Review: Terror and Wonder at the British Library

As someone who once spent six months looking forward to a Marilyn Manson concert, I was delighted when the British Library announced their new exhibition: Terror and Wonder, about the origins of the gothic imagination. The exhibition is part of a bigger project which also involves the BBC and has, so far, led to delightful documentaries on the development of an artistic style which is instantly recognizable.

It did not disappoint. The structure is largely chronological, so the first rooms are devoted to early gothic(-ish) works of art. There are – not surprisingly – manuscripts, but also paintings and models of sadly-collapsed cathedral-like manors. After this, the narrative jumps forward to the big novels, displaying the original manuscript of Frankenstein but also contextualizing it by mentioning Jane Austen’s Northanger Abbey, a gothic parody. In fact, I quite enjoyed the unusual connections the exhibition made. Charlotte Bronte’s work has been read as gothic in the past, but the connection between the gothic and Charles Dickens was new for me. The final rooms show a delightful mashup of Hammer film aesthetics, Christopher Lee, pulp fiction, and Hitchcock movie posters. All in all, a great overview of a movement which still inspires artists, as the pictures taken at the Whitby Gothic Festival show.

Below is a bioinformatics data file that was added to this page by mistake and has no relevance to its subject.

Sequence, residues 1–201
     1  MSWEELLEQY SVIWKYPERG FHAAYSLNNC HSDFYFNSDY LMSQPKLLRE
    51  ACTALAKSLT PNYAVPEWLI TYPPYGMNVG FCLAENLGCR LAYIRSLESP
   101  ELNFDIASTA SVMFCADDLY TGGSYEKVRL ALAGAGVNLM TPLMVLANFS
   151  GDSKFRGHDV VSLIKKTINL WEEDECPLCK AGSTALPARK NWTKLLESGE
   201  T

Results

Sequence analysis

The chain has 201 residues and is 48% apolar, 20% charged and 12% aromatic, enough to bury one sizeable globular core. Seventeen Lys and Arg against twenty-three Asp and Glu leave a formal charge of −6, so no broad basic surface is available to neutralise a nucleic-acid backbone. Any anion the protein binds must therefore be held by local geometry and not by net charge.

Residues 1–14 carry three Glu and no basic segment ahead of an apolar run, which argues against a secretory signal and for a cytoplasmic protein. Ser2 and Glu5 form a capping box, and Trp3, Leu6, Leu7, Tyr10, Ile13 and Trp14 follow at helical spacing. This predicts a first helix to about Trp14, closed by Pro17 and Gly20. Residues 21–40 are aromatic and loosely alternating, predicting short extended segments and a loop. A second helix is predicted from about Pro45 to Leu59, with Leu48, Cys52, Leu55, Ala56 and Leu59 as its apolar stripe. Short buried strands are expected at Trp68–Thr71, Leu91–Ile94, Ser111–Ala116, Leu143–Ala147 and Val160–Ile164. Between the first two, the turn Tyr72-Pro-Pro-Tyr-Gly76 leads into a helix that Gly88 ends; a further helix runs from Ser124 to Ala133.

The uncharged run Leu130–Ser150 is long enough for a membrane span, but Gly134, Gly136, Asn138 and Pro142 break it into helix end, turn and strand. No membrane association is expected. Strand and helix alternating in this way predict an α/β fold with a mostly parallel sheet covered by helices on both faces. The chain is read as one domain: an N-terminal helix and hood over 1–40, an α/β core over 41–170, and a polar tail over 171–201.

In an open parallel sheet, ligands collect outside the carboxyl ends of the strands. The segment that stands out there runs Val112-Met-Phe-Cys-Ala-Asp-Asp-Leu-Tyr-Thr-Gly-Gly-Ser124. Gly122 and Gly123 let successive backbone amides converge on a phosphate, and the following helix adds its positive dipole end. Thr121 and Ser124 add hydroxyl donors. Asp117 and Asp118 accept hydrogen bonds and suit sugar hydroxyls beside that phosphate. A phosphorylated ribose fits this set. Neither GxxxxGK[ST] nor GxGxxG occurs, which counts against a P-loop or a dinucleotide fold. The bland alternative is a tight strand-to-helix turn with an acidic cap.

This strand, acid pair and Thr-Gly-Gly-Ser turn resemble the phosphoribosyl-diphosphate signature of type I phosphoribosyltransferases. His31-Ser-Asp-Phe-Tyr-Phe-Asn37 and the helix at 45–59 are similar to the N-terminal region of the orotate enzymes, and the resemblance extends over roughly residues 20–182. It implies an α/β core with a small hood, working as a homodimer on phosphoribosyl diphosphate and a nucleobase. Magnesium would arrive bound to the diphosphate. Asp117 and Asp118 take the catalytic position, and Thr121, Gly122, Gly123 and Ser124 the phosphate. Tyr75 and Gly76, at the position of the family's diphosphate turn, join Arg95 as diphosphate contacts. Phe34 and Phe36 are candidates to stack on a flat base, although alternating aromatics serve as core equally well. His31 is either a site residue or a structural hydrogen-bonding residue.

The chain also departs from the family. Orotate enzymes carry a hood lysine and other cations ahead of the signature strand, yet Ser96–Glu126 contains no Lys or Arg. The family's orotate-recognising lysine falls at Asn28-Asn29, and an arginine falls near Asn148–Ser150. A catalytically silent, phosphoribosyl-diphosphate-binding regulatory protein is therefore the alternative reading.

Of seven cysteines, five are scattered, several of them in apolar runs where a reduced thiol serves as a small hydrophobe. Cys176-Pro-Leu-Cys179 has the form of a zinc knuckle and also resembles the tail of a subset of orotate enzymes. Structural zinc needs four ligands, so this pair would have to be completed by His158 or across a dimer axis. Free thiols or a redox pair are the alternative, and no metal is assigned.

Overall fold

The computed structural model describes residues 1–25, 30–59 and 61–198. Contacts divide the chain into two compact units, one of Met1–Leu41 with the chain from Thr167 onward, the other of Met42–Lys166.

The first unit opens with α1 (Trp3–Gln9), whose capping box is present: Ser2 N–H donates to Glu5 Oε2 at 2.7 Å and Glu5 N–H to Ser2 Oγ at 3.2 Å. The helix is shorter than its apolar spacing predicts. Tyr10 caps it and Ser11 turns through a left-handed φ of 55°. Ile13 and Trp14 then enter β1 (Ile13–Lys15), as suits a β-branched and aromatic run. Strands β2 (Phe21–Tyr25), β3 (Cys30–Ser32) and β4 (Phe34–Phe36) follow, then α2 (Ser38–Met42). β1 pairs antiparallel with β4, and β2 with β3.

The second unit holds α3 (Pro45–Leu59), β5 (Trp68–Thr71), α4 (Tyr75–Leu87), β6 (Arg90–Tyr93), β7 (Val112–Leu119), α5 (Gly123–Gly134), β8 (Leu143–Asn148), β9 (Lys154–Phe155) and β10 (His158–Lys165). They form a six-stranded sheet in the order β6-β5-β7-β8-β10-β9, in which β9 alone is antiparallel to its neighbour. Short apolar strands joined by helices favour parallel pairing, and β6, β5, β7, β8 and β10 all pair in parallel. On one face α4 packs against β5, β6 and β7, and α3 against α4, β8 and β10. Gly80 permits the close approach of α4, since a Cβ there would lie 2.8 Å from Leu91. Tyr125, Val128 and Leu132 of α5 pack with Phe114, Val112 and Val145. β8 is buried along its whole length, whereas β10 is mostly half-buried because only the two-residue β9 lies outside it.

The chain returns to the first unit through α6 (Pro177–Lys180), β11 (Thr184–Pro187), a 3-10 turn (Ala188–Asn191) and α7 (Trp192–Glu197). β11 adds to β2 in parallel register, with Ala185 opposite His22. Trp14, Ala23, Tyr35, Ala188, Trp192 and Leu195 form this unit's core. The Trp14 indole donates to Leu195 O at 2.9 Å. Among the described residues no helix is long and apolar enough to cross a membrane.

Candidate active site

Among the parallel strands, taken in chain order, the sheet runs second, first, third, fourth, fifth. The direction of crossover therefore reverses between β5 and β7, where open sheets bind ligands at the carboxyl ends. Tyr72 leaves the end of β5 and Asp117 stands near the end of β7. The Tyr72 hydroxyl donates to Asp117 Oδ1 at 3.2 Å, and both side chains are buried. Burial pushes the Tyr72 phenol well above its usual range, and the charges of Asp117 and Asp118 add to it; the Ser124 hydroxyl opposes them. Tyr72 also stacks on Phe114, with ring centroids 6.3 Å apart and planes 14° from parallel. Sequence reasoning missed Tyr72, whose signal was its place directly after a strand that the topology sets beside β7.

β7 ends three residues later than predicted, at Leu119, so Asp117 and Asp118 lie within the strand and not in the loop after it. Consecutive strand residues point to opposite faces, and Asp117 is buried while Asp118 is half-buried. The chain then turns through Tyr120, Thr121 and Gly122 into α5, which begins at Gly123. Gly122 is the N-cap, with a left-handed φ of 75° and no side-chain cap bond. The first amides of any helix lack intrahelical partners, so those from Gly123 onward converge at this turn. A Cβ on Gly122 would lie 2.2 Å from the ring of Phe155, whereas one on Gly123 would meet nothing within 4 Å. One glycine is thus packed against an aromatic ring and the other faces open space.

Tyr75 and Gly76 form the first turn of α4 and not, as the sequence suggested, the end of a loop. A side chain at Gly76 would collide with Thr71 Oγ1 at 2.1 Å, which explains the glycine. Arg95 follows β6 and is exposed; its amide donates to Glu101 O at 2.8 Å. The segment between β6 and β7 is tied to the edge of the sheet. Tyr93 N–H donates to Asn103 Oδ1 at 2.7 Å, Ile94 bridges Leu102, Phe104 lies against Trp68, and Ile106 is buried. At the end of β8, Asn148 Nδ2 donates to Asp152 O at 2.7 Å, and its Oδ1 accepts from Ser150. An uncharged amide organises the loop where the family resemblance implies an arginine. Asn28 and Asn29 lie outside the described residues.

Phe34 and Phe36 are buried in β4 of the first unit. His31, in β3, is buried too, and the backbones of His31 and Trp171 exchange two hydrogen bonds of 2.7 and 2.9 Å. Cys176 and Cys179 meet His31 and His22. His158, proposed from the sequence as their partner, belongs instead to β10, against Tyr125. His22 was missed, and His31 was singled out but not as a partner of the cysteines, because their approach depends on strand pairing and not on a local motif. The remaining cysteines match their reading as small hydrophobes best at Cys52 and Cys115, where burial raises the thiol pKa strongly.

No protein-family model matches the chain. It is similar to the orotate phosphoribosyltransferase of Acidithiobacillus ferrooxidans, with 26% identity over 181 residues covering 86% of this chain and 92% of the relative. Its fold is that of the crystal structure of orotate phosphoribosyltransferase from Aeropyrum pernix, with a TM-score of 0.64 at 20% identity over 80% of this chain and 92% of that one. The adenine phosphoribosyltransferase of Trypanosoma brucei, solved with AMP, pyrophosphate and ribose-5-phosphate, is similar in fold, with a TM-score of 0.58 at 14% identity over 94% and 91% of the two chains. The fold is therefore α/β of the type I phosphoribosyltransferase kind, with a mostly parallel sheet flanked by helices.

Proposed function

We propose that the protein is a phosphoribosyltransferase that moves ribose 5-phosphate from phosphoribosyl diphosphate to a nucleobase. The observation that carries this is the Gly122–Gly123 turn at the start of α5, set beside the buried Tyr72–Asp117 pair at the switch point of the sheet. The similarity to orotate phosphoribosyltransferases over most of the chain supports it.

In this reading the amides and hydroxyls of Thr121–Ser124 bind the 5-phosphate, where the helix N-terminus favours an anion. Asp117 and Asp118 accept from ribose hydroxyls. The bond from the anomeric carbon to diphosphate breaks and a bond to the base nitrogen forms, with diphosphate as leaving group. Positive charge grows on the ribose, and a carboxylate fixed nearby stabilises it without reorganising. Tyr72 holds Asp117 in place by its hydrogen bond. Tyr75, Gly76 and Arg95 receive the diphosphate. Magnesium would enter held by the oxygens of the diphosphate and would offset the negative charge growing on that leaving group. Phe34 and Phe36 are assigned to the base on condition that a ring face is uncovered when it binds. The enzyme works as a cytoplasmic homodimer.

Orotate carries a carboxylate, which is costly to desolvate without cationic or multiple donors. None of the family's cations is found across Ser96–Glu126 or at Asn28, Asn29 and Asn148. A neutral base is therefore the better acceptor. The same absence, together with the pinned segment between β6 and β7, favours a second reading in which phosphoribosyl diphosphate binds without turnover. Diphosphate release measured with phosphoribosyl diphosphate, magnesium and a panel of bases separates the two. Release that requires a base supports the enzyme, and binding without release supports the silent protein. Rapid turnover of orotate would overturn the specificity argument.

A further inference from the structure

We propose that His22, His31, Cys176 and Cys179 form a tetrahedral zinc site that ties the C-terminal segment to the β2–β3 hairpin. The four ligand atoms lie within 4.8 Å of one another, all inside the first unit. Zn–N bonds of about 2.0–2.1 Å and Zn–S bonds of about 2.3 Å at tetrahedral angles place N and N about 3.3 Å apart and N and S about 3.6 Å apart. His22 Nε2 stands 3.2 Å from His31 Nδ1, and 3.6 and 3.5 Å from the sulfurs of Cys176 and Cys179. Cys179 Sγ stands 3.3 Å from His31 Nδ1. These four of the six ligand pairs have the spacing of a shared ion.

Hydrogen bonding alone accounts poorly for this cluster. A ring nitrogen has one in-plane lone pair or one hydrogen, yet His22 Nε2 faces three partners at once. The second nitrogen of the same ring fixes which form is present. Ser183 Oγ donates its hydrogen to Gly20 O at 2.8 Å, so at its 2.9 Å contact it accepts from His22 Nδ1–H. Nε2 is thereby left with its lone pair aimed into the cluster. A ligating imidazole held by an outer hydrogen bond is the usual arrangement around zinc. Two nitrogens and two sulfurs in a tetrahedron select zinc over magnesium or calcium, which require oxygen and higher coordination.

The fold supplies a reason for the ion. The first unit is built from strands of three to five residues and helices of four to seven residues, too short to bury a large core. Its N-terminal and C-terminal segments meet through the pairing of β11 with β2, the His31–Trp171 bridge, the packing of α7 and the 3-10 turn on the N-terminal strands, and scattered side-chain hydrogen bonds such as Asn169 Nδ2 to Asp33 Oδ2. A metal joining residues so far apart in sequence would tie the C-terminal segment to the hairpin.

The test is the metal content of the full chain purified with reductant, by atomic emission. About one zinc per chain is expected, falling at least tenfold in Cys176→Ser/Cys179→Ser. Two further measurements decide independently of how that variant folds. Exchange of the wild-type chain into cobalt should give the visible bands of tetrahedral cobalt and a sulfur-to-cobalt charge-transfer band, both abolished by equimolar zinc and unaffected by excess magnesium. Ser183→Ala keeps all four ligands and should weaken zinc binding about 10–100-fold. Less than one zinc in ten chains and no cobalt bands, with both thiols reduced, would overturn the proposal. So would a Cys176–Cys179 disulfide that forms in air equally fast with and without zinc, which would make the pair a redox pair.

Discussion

Some reviews I read before going complained that the exhibition was too mainstream and general. Well, as the British Library is a public institution I would be offended if they hadn’t made an effort to make the exhibition appealing to the general public. Of course, due to space restrictions not everyone’s tastes are catered for. Personally I missed references to writers such as Anne Rice – even though I don’t particularly like her work, her influence on the genre is hard to deny. Then again, there were displays on Stephen King and Alexander McQueen, so all in all there are very little reasons to be grumpy.

Is this exhibition worth a visit? Yes, if you’re even remotely interested in the gothic imagination. This exhibition offers something for everyone and caters for hardcore bookfetishists and eyeliner-wearing ghoullies alike. I left the building with many books added to my perpetually growing reading list. Once I’ll finally get to reading The Monk. Hopefully. Once I’ve finished Journey to the End of the Night, and survived it.

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